A $150 Android phone's camera challenges the $769 iPhone 7 Plus Share
The iPhone 7 Plus is widely regarded to have one of if not the best cameras in any smartphone out there. Meanwhile, the Nextbit Robin was released last spring and cost $399. At the time it was described as having a decent, but not amazing camera, and at about $150-200 in most places now, this phone is far more affordable than the iPhone. No one expects the Robin to keep up with the iPhone, but let's just play a game and see how these stack up.
Example 1: Outdoors, good light, lots of details
This first shot is a nice chance for each of these cameras get a great shot. And each shot does indeed look good. There's a lot of detail in this shot, and both shots are good. The Robin definitely saturates the image more than the iPhone, and many people, including myself, like that look. The iPhone image is more realistic, but hey, it's all about personal preference.
We start to see some of the differences the extra few hundred dollars get you when we zoom into 100% scale. One big difference is in dynamic range. The iPhone shot shows the somewhat cloudy, blue sky. It's struggling a bit to save the sky, but it's much better than the Robin, which has the sky totally blown out.
As far as details as this size, you can look at the tree bark, lines of the siding, and tree branches to see detail in both images is pretty similar.
Moving down to the lawn itself, this shot is pretty similar Details are similar, although because the Robin crushes the colors, the leaves bleed together more in the Robin image, while they are more distinct in the iPhone shot.
Finally, we've got a close up of some rocks. To my surprise, the Robin actually is noticeably sharper than the iPhone. My guess is because the iPhone auto-focused on a slightly different spot in the shot, but no matter the reason, the Robin gets a point back here.
Example 2: Low light
Apologies for this being a terribly boring photo, but it helps exemplify the difference in quality between these phones. Even at full size, you can really see the difference in quality. The iPhone does a much better job of capturing light.
Look at the edges of the computer. The iPhone shot is pretty decent, but the Robin shot looks like what we remember cell phone shots looked like 10 years ago. Shift your focus over to the keyboard and it's even more obvious. The Option key is particularly telling. It's crisp on the iPhone shot and I can't even read it on the Robin.
Zooming into full size and it's just stupid.
Example 3: Portrait mode!
This is the sort of shot that really makes you go "wow, phones have come a long way!" The iPhone 7 Plus has a Portrait Mode that uses its dual camera setup to measure depth and properly blur the background and foregrounds of photos. Meanwhile, the Robin is using Google's Camera app (and an awkward photo-taking process) to simulate having 2 cameras.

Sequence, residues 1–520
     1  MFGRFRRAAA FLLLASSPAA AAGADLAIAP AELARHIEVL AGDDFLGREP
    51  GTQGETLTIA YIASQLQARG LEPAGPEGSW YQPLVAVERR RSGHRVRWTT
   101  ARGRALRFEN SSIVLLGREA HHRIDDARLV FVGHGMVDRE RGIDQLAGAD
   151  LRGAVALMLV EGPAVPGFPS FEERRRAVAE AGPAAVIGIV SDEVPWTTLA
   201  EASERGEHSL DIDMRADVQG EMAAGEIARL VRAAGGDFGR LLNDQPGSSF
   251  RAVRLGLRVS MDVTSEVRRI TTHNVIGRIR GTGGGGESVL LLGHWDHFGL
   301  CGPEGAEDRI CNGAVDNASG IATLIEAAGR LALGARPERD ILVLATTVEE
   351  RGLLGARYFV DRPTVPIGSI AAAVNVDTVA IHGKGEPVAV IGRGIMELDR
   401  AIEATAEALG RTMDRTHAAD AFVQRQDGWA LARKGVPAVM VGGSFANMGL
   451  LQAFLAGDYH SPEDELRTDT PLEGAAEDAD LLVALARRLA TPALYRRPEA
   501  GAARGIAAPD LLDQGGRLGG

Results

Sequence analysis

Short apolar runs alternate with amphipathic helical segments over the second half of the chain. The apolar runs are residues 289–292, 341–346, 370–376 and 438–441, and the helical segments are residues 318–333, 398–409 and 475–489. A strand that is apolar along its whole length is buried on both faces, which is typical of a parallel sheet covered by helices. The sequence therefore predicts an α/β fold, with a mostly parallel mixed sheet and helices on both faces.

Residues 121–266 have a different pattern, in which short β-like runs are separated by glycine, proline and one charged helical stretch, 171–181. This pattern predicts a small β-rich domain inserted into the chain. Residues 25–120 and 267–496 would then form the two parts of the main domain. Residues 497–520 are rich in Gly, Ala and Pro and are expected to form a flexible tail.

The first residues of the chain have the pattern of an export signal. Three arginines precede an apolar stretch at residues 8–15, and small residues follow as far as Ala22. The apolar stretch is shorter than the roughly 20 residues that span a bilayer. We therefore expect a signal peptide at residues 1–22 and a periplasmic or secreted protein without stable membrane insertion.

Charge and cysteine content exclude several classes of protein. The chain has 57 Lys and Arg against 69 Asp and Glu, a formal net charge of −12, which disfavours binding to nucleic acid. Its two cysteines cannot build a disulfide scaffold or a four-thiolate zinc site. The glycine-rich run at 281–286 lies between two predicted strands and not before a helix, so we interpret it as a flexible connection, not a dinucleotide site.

The Robin does well to hold its own here and get an image that's better than you would expect, but this one hands down goes to the iPhone. The colors are nicer, the exposure is more accurate (Robin shot looks like it was a cloudy day, but it wasn't), and the iPhone gets more detail and contrast in the girl's face.
This is all not to mention the focal length, which is much more natural on the iPhone. Portraits are not taken with a wide angle lens often, and when they are, they rarely naturally get that amount of background blur. So while the Robin image looks pretty good, it doesn't look realistic to my eyes.
Zooming in we where Apple's depth sensing takes the lead. The blur in the Robin image is pretty good, but it pretty roughly traces the outline of the girl's head. It blurs part of her helmet at one point, and then doesn't blur the baseball field behind her for a sliver a few ticks lower. It's good, but it's not quite right.
The iPhone shot is much better here, with the blur starting almost universally at exactly the right spot. It might encroach a little on the helmet at the top of the shot, but otherwise it's pretty much spot on.
A real trouble spot for all of these faux-blur solutions are gaps in the subject. Small holes in the middle of something confuse the systems and they often can't figure out whether to blur that or not. Neither camera does perfect here, but the iPhone clearly wins. The Robin didn't even try to blur the background in this shot, presumably because the system couldn't figure out that it even was the background. We also notice the Robin blurred out about 1/3 of the hair on the left. Clearly, this gap in the statue caused some confusion.
The iPhone wins by default as it was able to differentiate between the statue and the background in this spot, but it's definitely not as sure of itself as it was on the outside edges. You can see more imperfections on the hair, although the face and shirt are actually quite clean lines.
Full disclosure, I knew this shot would be tricky, and I was trying to confuse each sensor. I tried this shot a few times and the iPhone figured out the gap every time and the Robin never did.
Overall the iPhone 7 Plus is clearly the better camera, although the difference between it and the much less expensive Nextbit Robin is not as astounding as you might expect. Smartphone cameras have gotten very good in the last few years, and it's exciting to know that even budget phones now come with some of the best cameras ever available to ordinary people.